first, this is where i stopped reading...and purdue? my g'd...even the man admitted packing his chicken full to bursting to get more money when they went to market.....that's hardly a selling point.

i don't know what the deal is with vets and people with their science diets...but i would be willing to bet these are the ones who think their doctors know no wrong and their vets are miracle makers...and know everything...so should be followed blindly.

the shame is that some lurkers will read this and think it reasonable.
 

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Uins meen it aint da truff? Well, no madder cuz I aint eber fed dat to my dawgs. Iz dident knowd uins had to be a scientist to fed a dawg. Tater ates bout any ting and da utter two day jest ates when day hongry. Day dont much cared ifn da food comz outta a bag or from da woods. Dem two been seen a in da creek fishin and trotin to old man Hawleys hen house fer a treat.
 

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I dont agree that SD is good food at all. Dogs just like humans need variety. When a food is 90% corn the dog isnt able to get all the nutrients, amino acids etc it needs. Its just not that bioavailable to dogs. Yes dogs can digest 60% carbs in their diet, and can live that way, but it doesnt mean its ideal. SD is far more than 60% anyhow. What really gets me ( as stated before) is their inclusion of 'powdered cellulose' - saw dust. NO USE at all for the dog.. added filler for fiber. They can NOT digest this at all.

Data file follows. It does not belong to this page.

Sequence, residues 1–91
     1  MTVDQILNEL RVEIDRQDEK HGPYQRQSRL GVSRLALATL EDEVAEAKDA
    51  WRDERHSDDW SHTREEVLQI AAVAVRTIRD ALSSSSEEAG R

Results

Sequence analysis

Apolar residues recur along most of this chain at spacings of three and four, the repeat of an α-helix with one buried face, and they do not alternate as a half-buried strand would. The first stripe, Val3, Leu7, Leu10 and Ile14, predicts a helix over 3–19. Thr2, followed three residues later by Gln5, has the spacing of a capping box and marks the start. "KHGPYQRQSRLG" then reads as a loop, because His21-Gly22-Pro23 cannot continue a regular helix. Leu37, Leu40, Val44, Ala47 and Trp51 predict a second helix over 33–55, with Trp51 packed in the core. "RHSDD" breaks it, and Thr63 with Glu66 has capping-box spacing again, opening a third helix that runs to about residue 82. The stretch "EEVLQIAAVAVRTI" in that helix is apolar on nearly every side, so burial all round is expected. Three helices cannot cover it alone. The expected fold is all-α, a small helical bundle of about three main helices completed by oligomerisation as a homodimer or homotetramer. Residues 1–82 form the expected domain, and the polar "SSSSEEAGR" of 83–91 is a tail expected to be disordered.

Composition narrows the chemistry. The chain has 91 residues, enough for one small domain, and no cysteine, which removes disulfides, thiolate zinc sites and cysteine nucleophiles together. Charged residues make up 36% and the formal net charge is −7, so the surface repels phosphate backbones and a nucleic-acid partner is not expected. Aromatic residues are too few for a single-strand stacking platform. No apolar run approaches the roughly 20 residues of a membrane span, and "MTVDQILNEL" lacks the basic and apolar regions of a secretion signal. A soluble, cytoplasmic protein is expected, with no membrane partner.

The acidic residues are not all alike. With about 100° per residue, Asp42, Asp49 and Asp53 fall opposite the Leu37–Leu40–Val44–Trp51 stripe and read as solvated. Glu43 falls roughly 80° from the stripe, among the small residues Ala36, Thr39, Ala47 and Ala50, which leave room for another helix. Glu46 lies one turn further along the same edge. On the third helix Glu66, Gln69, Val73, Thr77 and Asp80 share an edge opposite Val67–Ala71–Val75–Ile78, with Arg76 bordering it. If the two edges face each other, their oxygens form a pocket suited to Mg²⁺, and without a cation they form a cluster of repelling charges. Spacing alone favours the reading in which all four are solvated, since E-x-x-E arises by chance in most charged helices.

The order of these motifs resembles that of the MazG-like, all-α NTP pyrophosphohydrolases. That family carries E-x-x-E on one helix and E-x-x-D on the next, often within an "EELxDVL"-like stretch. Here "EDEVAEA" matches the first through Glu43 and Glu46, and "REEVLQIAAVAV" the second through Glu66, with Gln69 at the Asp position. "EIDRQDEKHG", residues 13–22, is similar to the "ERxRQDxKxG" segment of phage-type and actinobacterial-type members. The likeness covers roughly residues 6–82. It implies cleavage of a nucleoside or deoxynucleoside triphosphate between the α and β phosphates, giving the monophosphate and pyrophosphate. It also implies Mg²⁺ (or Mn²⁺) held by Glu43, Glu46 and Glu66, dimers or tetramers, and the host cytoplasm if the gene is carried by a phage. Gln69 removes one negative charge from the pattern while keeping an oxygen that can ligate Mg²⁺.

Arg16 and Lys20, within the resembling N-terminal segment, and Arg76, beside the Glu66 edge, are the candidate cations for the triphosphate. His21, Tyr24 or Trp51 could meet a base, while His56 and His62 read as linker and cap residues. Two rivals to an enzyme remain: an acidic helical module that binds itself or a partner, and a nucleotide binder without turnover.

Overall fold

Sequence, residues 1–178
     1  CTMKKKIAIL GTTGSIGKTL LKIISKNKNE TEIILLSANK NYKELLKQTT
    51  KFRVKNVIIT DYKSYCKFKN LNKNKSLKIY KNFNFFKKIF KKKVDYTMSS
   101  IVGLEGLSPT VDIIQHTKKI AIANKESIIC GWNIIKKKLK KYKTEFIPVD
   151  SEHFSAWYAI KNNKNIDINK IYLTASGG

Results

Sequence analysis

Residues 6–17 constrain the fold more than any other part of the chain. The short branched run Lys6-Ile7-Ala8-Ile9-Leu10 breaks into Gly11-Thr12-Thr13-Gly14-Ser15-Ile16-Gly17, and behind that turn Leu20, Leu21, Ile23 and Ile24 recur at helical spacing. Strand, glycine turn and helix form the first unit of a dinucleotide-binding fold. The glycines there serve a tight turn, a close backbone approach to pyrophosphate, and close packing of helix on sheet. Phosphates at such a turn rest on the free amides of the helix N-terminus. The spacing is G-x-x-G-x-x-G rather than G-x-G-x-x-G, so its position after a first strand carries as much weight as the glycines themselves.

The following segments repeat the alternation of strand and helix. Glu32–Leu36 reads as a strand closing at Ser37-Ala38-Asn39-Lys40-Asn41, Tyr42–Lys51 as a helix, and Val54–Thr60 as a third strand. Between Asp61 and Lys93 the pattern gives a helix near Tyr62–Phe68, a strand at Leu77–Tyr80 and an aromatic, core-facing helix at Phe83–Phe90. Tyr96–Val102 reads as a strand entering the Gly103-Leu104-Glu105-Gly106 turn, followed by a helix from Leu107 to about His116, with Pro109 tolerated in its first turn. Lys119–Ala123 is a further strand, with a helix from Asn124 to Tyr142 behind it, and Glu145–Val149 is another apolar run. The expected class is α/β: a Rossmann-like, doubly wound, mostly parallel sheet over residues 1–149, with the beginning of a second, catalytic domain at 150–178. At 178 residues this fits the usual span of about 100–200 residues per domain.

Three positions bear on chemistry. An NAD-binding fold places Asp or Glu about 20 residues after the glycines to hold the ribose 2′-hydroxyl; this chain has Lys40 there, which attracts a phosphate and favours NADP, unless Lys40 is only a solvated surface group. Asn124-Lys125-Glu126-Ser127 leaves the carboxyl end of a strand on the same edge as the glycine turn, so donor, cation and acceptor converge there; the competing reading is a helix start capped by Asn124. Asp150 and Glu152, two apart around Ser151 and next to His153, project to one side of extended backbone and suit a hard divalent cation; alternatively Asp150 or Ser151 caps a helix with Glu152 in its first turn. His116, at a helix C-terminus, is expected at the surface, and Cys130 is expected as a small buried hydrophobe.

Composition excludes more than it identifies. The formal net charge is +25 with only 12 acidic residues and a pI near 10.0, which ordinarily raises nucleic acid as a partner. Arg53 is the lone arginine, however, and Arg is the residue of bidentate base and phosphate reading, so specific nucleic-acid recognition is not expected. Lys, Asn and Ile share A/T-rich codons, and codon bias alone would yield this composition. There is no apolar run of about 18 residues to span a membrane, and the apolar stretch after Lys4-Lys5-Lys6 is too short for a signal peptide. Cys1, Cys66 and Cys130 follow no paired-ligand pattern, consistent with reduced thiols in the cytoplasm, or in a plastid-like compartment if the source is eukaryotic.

Even though they may chemically meet AAFCO standards it doesnt mean its good for the dog - There was a study done that showed a 'food' having good amounts of fat, fiber, protein etc on paper, but when revealed the ingredients it was oil, rubber, leather and wood.

It is fallacy that high protein will cause kidney failure, please stop with that rumor. it WILL NOT. If a pet is in kidney failure it may make things worse, but will not cause the disease itself.